Pesticides in our Parks – Bernal Hill

The Natural Areas program (now called the Natural Resources Department) regularly uses herbicides in many of our parks. We’ve published pictures before of Glen Canyon and Mt Davidson.

This time, it’s Bernal Hill.

This hill apparently needs herbicides.

So they’re putting Polaris – that’s imazapyr – on the blackberry and cotoneaster.

It takes a five-person team.

[Edited to Add this section about the famous Bernal Hill Blackberry Patch.]


Hope they don’t take out the famous Bernal blackberry patch that’s brought so much joy to families.

It’s a thing, and has been for years. Here’s a 2008 article called Bernal Hill Blackberry Bonanza.  And here’s a quote from a 2009 article in the SF Chronicle, indentifying hidden treasures in San Francisco: ‘Bernal Hill Blackberry Patch. “The locals might hate us for sharing this, but there is a huge wild blackberry patch on the north side of Bernal Hill where we forage pounds and pounds of berries every summer for jam-making. So delicious.”‘ And the Bernalwood blog hailed the start of the blackberry season in 2012 in It’s Official: Blackberry Season Under Way in Bernal Heights

SFRPD – people love blackberries, and Bernal has the best crop in the city!

San Francisco Forest Alliance stands for no pesticides in our parks. We also hope that SFRPD will respect public resources that people love.

Blackberry and Pesticides

It’s blackberry season!

All over the city, people are picking the delicious berries off the Himalayan Blackberry bushes. At Twin Peaks, we saw someone intently gathering fruit in a small bowl from bushes below Twin Peaks Boulevard. In Glen Canyon yesterday, children were having a great old time snacking on blackberries along the trails.  The Bernalwood blog announced that Blackberry Season Underway in Bernal Heights. (It has some luscious photographs.) Even the Presidio’s Facebook page had a pictures of a berry bush and said, “It’s blackberry season. Did you know that park visitors are allowed to harvest very small quantities of the five-leaved Himalayan blackberry fruits?”

And we found this delightful video of four generations of San Franciscans making blackberry jam with blackberries picked right here in San Francisco. It’s  the little girl’s first year picking blackberries.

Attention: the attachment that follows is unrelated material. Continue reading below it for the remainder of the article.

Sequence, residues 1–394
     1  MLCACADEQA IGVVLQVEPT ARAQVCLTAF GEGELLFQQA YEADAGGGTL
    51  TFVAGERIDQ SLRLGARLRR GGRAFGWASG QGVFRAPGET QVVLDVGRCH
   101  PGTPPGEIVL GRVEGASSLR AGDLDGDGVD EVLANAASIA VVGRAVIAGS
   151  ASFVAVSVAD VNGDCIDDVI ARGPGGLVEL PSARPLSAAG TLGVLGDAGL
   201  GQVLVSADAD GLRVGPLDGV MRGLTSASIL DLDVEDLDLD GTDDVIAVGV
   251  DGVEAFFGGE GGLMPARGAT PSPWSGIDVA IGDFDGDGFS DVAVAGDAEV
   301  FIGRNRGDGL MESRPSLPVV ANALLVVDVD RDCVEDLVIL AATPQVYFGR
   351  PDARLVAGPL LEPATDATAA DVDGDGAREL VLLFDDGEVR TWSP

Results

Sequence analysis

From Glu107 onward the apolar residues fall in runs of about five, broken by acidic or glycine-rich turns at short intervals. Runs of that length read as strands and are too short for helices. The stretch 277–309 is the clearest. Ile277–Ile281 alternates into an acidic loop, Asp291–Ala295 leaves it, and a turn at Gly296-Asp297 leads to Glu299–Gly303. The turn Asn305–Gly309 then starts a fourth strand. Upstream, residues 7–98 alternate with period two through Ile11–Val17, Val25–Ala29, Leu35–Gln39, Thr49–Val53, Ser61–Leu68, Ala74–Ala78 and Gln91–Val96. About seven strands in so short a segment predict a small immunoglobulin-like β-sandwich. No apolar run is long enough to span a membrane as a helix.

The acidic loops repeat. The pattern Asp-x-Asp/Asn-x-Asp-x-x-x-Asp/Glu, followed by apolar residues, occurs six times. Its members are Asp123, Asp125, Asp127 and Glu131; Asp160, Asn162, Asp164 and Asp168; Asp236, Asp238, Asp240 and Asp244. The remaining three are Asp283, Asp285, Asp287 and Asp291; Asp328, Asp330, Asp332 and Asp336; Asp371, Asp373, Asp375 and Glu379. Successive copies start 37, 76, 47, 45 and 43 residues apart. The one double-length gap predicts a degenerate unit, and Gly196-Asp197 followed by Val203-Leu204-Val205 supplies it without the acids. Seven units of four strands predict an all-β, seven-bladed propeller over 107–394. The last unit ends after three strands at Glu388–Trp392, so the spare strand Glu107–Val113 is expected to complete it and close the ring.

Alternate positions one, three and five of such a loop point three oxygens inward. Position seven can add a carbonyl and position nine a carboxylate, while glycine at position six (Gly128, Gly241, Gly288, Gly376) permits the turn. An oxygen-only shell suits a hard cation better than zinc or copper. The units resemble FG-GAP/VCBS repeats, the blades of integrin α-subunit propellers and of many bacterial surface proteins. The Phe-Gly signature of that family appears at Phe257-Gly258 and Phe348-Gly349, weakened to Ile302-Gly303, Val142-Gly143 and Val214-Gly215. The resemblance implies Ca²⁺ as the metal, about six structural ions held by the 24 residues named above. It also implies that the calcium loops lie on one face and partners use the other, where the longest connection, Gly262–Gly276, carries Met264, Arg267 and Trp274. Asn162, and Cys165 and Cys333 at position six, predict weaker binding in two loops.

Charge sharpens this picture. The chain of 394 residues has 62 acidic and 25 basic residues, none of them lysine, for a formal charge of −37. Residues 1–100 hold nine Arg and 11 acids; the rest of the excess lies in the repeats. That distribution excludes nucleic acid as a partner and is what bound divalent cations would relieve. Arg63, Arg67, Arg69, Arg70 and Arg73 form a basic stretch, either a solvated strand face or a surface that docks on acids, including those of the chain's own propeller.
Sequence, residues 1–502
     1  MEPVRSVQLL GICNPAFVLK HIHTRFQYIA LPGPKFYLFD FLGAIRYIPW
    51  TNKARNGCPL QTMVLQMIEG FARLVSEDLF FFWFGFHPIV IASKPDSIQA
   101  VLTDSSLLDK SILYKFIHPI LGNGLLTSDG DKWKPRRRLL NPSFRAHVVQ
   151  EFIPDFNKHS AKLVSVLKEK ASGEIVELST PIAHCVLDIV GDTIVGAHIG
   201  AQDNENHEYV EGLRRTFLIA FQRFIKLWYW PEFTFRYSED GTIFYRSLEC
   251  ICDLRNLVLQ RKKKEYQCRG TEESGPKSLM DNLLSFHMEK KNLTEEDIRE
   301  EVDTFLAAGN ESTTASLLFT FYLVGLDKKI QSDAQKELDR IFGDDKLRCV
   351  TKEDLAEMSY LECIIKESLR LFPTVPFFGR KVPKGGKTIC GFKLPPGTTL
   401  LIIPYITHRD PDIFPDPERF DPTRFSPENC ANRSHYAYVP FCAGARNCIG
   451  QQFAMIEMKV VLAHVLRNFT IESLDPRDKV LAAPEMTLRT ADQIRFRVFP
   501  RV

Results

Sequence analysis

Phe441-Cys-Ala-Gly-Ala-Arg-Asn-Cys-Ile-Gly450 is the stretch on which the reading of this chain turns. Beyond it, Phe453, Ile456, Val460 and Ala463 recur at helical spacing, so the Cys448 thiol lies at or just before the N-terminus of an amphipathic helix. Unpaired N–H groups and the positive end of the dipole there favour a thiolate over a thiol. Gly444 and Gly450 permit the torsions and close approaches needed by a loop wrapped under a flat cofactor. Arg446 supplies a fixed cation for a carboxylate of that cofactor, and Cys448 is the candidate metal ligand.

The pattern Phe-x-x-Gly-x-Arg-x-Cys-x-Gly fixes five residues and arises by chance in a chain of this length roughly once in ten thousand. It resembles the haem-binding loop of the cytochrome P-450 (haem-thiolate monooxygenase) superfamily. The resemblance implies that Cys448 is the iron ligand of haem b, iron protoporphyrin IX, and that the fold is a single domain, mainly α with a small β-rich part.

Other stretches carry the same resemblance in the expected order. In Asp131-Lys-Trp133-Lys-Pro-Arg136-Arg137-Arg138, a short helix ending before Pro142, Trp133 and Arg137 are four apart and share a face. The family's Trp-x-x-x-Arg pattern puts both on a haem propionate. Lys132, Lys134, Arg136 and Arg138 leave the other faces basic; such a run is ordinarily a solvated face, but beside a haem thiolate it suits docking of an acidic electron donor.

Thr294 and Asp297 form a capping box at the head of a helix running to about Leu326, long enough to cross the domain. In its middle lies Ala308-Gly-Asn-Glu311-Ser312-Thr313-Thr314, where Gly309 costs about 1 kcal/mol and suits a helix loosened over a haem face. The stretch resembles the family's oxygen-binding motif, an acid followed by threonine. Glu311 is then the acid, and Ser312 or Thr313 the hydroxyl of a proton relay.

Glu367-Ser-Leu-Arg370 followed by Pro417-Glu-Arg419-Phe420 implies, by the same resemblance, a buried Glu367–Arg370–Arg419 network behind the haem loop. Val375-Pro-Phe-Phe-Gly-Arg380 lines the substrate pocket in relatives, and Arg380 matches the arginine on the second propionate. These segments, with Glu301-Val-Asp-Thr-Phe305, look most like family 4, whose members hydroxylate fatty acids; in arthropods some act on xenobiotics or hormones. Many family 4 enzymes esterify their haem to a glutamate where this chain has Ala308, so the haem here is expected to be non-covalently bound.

[CLICK on the jam-jar graphic to go to Making Jam with Grandma Kathy.]

It’s not just children who eat blackberries off the bushes. Birds and other wildlife do it too. [CLICK HERE for a link to an article with a great picture of a bird on a blackberry bush.]

So we were dismayed when people reported that pesticides are being used on Mt Davidson (again!) and this time, one of the targets is blackberry – right during the fruiting season. The pesticides being used are Aquamaster (glyphosate) and Polaris (imazapyr). [CLICK HERE for information on these herbicides.]

The notice says “The manufacturer’s notice says it is safe to enter area when the spray has dried. Staff will stay on site until spray has dried.”

We’re not sure that leaves the berries safe to eat.

And as for the area being safe once the spray has dried… we’re not sure about that either.

“Is it even possible for the spray to dry on Mt Davidson?” someone asked. Mt D lies within the fog belt, and it doesn’t dry out in the summer. “It is very, very wet in the green zone of Mt. D right now because of the fog. The paths are very muddy and the water is streaming down the road.” The photograph seems to prove the point. It was sopping wet.

How wet is Mt Davidson in summer?

Like this. This is all water from the cloud forest effect, the moisture precipitated from the fog.